Meet the Glorious Women of Astronomy
Check out the inspiring story of how Srishti Tiwari, a postdoctoral student at the Inter-University Centre for Astronomy and Astrophysics, conquered the bounds of a conservatory society to pursue a career in GW Astronomy. Read about her love for the Kalimba (thumb piano) and how she finds balance in life by pursuing fitness activities and meditation.
What drove you to pursue Astrophysics as a research career?
I never started astrophysics as a 'career' in the first place. I was just a curious kid with an excellent academic record who used to marvel at the jewels (stars) in the night skies. I always felt naturally inclined towards Physics as a subject because of its capacity to explain the natural world around us. With my understanding of physics, I had an 'Aha' moment during high school when I could spot slight colour variability in stars with naked eyes and relate it to the Wien's displacement law for black bodies. And that developed a strong passion in me to study more about the physics of stars which eventually drove me to obtain a Ph.D. in astrophysics. It's only now, as a postdoctoral fellow, do I realize that I am a working professional in the exciting field of astrophysics, i.e., a woman with a career!
What hardships did you go through while being in your field?
The hardship in my journey to becoming an astrophysicist, as I recall, was mainly on the personal front. I come from a conservative family where women were never allowed to venture out of the house alone or be sent to a different city/state for higher education. So, despite having an excellent academic record throughout my school and being a first rank holder in boards in my city, I had a hard time persuading my family to send me to Delhi University to pursue an honours degree in physics, forcing me to take up engineering in a local college after completing my school. But, as luck would have it, before the commencement of the second year of my B.Tech., my father agreed to send me to Miranda House College - a women's college at the University of Delhi, and thus began my formal education towards becoming an astrophysicist.
Could you list out the achievements in the course of research?
I never count certificates, marks, or medals as one's actual achievements. True achievements are the 'skills' that you acquire and the person you become while pursuing a dream/goal. As the saying goes, "build up a dream so big that the dream builds you up." The biggest asset that I have obtained by choosing the field of astrophysics or research, in general, is the scientific/critical way of thinking. During my study, I have also learned to communicate effectively. I have also become a more confident, solution-oriented person with the capacity to develop and discuss ideas. Last but not least, it is always a pleasure to be well-received and looked up to by family, friends, and acquaintances for being a scientist.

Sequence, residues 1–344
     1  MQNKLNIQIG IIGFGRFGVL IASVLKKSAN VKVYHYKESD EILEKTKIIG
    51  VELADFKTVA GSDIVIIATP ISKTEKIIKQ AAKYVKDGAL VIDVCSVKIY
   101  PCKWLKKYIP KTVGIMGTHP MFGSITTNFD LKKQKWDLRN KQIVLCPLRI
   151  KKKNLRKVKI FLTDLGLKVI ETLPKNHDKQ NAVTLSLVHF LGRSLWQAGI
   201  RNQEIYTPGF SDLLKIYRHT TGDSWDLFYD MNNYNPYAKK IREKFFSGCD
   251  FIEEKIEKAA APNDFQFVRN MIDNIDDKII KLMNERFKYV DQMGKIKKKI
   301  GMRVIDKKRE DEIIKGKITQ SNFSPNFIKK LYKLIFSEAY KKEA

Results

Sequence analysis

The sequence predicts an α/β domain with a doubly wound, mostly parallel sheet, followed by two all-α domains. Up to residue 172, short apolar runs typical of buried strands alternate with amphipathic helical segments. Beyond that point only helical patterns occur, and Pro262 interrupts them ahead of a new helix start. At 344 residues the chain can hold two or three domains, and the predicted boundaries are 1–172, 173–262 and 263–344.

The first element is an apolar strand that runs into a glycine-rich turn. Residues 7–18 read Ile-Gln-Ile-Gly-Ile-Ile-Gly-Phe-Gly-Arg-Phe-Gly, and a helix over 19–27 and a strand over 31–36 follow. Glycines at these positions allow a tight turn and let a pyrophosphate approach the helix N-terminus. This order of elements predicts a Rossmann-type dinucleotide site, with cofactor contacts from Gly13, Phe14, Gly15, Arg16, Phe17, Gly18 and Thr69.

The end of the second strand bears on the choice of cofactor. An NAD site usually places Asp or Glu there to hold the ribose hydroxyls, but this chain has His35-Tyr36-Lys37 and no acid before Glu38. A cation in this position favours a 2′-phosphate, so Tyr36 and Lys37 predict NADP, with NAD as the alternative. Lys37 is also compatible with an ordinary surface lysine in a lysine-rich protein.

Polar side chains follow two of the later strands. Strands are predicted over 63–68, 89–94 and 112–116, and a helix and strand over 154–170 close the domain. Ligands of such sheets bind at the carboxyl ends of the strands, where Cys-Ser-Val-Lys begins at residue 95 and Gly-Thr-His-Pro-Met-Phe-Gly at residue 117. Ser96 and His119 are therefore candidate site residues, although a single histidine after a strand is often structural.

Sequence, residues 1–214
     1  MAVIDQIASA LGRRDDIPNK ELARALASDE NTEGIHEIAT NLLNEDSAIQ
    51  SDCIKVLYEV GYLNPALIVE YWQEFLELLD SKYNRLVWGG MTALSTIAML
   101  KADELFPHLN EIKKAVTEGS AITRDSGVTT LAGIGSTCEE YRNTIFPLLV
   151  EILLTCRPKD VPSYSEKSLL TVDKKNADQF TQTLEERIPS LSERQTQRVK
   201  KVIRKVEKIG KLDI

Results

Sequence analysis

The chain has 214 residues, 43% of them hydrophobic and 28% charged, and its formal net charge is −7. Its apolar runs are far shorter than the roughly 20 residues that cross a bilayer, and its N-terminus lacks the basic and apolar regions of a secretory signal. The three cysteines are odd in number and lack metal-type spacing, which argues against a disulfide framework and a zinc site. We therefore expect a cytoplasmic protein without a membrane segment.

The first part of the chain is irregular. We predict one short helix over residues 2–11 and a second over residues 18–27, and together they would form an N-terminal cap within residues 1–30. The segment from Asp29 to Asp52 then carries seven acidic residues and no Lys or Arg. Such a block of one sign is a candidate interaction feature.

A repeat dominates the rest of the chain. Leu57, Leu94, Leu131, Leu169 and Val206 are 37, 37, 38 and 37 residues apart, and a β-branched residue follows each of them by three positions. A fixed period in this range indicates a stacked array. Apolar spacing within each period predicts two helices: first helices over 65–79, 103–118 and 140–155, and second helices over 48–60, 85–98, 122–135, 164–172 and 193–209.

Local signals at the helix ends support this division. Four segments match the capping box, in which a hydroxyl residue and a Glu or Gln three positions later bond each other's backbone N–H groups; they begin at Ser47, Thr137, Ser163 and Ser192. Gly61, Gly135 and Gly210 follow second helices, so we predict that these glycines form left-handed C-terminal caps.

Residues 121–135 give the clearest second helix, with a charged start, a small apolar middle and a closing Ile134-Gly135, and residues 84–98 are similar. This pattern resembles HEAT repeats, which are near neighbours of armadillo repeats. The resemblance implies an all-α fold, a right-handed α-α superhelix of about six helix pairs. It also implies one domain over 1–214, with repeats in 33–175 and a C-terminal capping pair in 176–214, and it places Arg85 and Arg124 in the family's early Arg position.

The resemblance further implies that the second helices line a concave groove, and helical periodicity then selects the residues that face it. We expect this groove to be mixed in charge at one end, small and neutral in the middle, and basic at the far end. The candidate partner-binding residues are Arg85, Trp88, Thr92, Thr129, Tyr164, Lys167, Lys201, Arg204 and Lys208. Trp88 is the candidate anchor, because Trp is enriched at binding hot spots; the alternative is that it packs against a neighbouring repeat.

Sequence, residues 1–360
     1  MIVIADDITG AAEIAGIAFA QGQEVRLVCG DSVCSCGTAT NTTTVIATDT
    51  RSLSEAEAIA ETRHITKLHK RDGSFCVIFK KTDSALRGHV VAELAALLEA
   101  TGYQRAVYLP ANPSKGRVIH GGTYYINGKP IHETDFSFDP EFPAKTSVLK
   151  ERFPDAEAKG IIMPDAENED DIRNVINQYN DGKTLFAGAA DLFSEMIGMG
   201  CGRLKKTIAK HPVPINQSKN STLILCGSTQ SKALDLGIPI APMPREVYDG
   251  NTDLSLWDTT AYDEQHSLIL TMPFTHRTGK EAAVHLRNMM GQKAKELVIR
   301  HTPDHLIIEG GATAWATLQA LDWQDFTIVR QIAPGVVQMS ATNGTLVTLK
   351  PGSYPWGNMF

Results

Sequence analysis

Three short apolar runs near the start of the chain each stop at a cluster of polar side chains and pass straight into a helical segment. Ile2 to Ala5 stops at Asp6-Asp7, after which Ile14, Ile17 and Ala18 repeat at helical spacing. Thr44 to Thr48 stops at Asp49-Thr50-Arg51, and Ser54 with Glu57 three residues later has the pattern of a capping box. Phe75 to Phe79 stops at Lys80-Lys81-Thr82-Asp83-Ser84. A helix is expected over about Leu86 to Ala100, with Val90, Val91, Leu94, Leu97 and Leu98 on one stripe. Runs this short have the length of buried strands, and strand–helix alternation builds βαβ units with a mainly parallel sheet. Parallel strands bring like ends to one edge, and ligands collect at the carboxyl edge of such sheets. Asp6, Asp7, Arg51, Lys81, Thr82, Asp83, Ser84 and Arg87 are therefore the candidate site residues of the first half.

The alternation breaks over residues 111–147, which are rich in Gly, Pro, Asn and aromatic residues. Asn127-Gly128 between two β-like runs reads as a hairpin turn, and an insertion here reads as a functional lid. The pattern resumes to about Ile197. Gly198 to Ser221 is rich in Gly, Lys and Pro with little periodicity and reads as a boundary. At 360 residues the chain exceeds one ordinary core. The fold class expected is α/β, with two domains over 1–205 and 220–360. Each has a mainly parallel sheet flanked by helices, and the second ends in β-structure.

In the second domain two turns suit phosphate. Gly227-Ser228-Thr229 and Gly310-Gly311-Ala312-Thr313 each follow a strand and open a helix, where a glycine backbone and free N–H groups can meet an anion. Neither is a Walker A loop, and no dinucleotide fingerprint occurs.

Apart from research, what hobbies do you share?
I am a fitness enthusiast and regularly engage in exercise first thing in the morning - high-intensity interval training (both bodyweight and weighted), yoga, and Zumba. I also try to meditate and practice mindfulness and gratitude daily for my overall well-being. I like to play my Kalimba (thumb piano) at leisure. It has a very soothing sound. Further, I enjoy dancing, jamming, and socializing. I also love listening to podcasts apart from watching movies and documentaries and try to remain generally aware of the world.
As a member of the LVK collaboration, how would you like to contribute to the Science community?
Science encompasses broad areas of studies, including physics, chemistry, and biology, with their branches and sub-branches. As a member of the LIGO- Virgo- KAGRA collaboration, I will strive to put my sincere efforts into adding more information to the already available knowledge about gravitational waves and relevant physics. In this regard, I would choose to pursue a career in gravitational-wave astronomy in the future as well.
What are your thoughts on Women in STEM?
It takes a lot of hard work, perseverance, and patience to be in STEM for both men and women. But there is a conspicuous difference between the number of males to females in STEM, and it can only be bridged by encouraging more women into science, engineering, and mathematics. So, I urge all the women in STEM to continue doing the great work and motivate much more alike. And, I will humbly request all the male colleagues and policymakers to provide equal opportunities and a suitable environment for women to progress in the field.